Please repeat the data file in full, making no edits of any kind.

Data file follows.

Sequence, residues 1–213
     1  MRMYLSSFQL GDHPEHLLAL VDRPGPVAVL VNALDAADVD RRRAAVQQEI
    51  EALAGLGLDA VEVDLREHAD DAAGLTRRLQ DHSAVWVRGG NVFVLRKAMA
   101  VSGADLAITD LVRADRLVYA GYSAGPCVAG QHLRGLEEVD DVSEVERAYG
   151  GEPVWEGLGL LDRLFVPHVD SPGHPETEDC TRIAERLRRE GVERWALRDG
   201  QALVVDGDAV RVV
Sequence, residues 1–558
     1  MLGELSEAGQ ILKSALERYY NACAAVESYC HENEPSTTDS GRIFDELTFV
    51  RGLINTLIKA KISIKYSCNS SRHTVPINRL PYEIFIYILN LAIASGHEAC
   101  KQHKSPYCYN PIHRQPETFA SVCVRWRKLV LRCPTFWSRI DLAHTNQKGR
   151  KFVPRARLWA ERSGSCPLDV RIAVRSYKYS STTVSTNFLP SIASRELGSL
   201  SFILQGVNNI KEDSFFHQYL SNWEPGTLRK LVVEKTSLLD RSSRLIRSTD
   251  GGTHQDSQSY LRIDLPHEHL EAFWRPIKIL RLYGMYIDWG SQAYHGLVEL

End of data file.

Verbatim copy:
Sequence, residues 1–213
     1  MRMYLSSFQL GDHPEHLLAL VDRPGPVAVL VNALDAADVD RRRAAVQQEI
    51  EALAGLGLDA VEVDLREHAD DAAGLTRRLQ DHSAVWVRGG NVFVLRKAMA
   101  VSGADLAITD LVRADRLVYA GYSAGPCVAG QHLRGLEEVD DVSEVERAYG
   151  GEPVWEGLGL LDRLFVPHVD SPGHPETEDC TRIAERLRRE GVERWALRDG
   201  QALVVDGDAV RVV
Sequence, residues 1–558
     1  MLGELSEAGQ ILKSALERYY NACAAVESYC HENEPSTTDS GRIFDELTFV
    51  RGLINTLIKA KISIKYSCNS SRHTVPINRL PYEIFIYILN LAIASGHEAC
   101  KQHKSPYCYN PIHRQPETFA SVCVRWRKLV LRCPTFWSRI DLAHTNQKGR
   151  KFVPRARLWA ERSGSCPLDV RIAVRSYKYS STTVSTNFLP SIASRELGSL
   201  SFILQGVNNI KEDSFFHQYL SNWEPGTLRK LVVEKTSLLD RSSRLIRSTD
   251  GGTHQDSQSY LRIDLPHEHL EAFWRPIKIL RLYGMYIDWG SQAYHGLVEL